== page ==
Tag Archives: Boomergeddon

Chart of the Day: Virginia’s Aging Population

aging

This graph comparing Virginia’s age between 1980 and 2013 comes from Luke Juday’s latest post over on the Stat Chat blog, published by the demographics shop the Weldon Cooper Center for Public Service. I urge you to check out the opening chart in his post to see an animation of the changes year by year. It’s fascinating to watch the bulging Baby Boomer generation crawling up the age ladder.

I would love to see a projection of Virginia’s demographic profile over the next 20 years. We would see the big Boomer blob move up, out of the workforce and into retirement age. The implications of that massive shift cannot be over-estimated. Virginia’s working-age population won’t be increasing in size — indeed, it probably will begin shrinking within a decade. Extrapolate that trend nationally, and you’ll understand why the Congressional Budget Office (CBO) maintains that the structural U.S. budget deficit — “only” $583 billion this year, according to the Obama administration’s updated forecast, will march relentlessly higher within a few years as the growing ranks of seniors put increasing stress on the Medicare, Medicaid and Social Security programs.

America still faces a Boomergeddon scenario, although we may have bought ourselves a few years’ grace. The CBO thinks that the slowdown in the growth rate of medical spending experienced since the 2007-2008 recession is a lasting phenomenon and will slightly bend the spending curve downward — enough to keep the Medicare Part A trust fund solvent through 2030. In February, the non-partisan budget shop had projected that the trust fund would run out of money in 2025, reports the Wall Street Journal.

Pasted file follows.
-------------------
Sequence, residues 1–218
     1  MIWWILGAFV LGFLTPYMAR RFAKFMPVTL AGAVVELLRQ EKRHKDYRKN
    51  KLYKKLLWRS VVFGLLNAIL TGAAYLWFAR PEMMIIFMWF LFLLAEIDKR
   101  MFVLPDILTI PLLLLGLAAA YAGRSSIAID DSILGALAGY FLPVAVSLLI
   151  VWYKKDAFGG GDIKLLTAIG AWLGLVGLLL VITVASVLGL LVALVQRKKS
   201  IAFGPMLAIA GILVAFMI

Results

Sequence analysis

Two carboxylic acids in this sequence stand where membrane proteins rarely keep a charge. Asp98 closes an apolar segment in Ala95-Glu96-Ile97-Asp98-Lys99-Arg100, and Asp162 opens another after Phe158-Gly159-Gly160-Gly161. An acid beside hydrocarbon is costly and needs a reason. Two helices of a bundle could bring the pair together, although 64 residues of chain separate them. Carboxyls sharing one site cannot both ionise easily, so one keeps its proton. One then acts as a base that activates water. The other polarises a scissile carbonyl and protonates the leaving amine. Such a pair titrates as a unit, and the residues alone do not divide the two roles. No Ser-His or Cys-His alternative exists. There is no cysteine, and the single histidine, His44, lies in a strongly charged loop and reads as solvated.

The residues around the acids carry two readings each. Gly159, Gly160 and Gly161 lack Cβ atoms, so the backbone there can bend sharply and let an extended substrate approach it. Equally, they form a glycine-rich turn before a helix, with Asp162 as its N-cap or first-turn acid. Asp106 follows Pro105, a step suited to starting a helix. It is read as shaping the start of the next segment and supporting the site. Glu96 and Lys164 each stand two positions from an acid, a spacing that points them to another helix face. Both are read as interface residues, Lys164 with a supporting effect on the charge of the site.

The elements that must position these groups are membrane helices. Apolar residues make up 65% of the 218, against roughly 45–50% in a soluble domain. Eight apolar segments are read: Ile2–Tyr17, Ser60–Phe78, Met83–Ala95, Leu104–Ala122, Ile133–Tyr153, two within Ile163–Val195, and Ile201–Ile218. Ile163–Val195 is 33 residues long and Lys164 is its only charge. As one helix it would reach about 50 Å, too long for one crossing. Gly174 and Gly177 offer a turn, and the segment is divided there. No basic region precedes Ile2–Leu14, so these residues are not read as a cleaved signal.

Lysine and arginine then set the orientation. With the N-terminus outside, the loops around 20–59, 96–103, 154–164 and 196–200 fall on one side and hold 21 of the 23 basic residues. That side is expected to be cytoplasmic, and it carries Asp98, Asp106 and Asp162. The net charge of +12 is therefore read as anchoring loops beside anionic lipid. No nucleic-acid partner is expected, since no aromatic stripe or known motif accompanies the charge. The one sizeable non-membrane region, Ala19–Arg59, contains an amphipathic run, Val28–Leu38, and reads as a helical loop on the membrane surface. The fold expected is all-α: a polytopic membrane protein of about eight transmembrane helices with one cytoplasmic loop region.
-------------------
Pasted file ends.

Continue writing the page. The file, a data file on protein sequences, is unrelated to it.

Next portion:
The good news is that Congress has five more years to dither and procrastinate about reforming Medicare. The bad news is that Congress probably will take full advantage of that five years before making hard choices.

– JAB

How the Feds Are Detroitifying the Country

Detroit is becoming a verb, to Detroitify, which is morphing back into a noun, Detroitification.

The noun “Detroitification,” from the verb, “Detroitify.”  The verb “Detroitify,” from the noun, “Detroit.”

by James A. Bacon

Richard Ravitch worries that more “Detroits” are in America’s fiscal future. Co-author with former Federal Reserve Board Chairman Paul Volker of the “Report of the State Budget Crisis Task Force,” Ravitch argues in the Wall Street Journal today that state and local governments have major fiscal problems, that those problems are structural in nature, not a passing consequence of the Great Recession, and that “the crisis is deepening.”

An advisor to the Detroit bankruptcy judge, Ravitch makes a number of unassailable points: (1) Despite stop-gap measures to shore up employee pension funds, contributions remain below levels needed to meet promises to public employees; (2) the growth in Medicaid costs will continue to outpace state tax revenues; (3) states and cities have been meeting ongoing operating expenses by peddling one-time asset sales; and (4) the federal government, which now provides almost 30% of what states spend annually, “is facing understandable pressure to rein in spending and reduce deficits.”